Clinton’s Trumped, God help America

Donald Trump (pic courtesy of Gage Skidmore/flickr)
Donald Trump (pic courtesy of Gage Skidmore/flickr)

Well, blow me over with a feather, Trump will be the 45th president of America.

I sat eating my Rice Krispies in a state of shock, glued to the telly as Trump addressed his loyal followers and thanked everybody bar his dog for helping his campaign grasp victory.

“I promise to unify the country,” he said.

“The people who were forgot will no longer be forgotten,” he promised.

“Millions of people will be put to work rebuilding America.”

It was a surreal end point to what’s been an unedifying spectacle. I can’t recall a fight so ugly, where two candidates were tearing out each others’ throats to the very last gasp.

Where was the charisma of Obama; the mystique of JFK; the suaveness of even Bill Clinton in his prime?

Instead, having boiled down all options from a population of around 300 million people, we were left with Hillary Clinton and the guy from The Apprentice.

It reminded me of the scene in Back To the Future when Marty McFly tries to convince Doc Brown he’s travelled back in time from the year 1985.

“Then tell me, future boy, who’s President of the United States in 1985?”

“Ronald Reagan.”

“Ronald Reagan? The actor? Then who’s vice president? Jerry Lewis? I suppose Jane Wyman is the first lady.”

As incredulous as it might seem (especially to those who watched him lampooned on Spitting Image), Reagan at least had real political currency having risen through the ranks as governor of California.

But Trump? It was weirdly mesmerising seeing him battle Clinton in the televised debates; obvious that his depth of knowledge on national matters was woefully inadequate but, amazingly, that didn’t seem to dent his popularity.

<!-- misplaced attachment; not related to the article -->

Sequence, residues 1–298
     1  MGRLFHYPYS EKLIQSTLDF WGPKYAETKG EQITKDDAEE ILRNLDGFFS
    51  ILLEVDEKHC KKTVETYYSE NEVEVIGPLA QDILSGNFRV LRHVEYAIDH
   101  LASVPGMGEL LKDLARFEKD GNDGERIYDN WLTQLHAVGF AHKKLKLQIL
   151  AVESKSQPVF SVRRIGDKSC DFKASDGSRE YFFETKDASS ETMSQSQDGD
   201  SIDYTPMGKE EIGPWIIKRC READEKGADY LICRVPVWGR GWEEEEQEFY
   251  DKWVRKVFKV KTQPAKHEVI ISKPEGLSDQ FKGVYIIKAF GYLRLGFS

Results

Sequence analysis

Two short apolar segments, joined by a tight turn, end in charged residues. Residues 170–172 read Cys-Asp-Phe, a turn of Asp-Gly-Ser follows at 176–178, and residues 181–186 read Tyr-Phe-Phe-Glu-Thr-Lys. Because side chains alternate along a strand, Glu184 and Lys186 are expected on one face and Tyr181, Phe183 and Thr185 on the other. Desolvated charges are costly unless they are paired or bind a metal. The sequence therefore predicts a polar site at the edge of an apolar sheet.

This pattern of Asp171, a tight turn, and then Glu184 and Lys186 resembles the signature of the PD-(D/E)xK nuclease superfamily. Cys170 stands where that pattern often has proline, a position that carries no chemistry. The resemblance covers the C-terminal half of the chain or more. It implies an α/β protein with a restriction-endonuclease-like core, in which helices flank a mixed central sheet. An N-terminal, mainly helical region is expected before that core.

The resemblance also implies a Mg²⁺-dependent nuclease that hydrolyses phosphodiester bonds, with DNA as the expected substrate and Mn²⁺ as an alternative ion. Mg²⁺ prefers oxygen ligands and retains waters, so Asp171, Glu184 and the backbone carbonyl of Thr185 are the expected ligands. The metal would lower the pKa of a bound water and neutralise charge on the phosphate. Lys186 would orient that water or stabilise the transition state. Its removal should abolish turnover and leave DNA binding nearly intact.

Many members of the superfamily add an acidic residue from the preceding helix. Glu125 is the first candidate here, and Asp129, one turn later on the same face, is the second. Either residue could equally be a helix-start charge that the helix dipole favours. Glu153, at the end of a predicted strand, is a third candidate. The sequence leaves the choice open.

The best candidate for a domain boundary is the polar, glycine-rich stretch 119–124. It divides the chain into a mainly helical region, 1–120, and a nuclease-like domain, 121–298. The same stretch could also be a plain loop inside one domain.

He made any number of outlandish statements, about immigrants and women, for example, which would have spelled the end of any political career in the United Kingdom but in America it seemed he could say anything he wanted to because to many, many Americans he represented hope; a change from the status quo.

If anything it made him more real. Men and women – especially those unemployed in America’s downbeat industrial heartlands – probably said “I’m not voting for a saint, I’m voting for someone to get me out of this mess.”

It’s an indication of how out of touch Hillary Clinton was that she didn’t quite grasp this. He represented everything she did not – an alternative to the political establishment, however unpalatable his views were to people with liberal values.

Even if Clinton had won, her victory would have been a shallow one with little power in the Senate.

While holding the reins of power in unprecedented political times, Trump still presides over a country which has shown itself to be deeply divided.

Before yesterday I would have thought it improbable that either candidate would be running for relection in four years’ time.

Now, I’m not so sure of anything any more.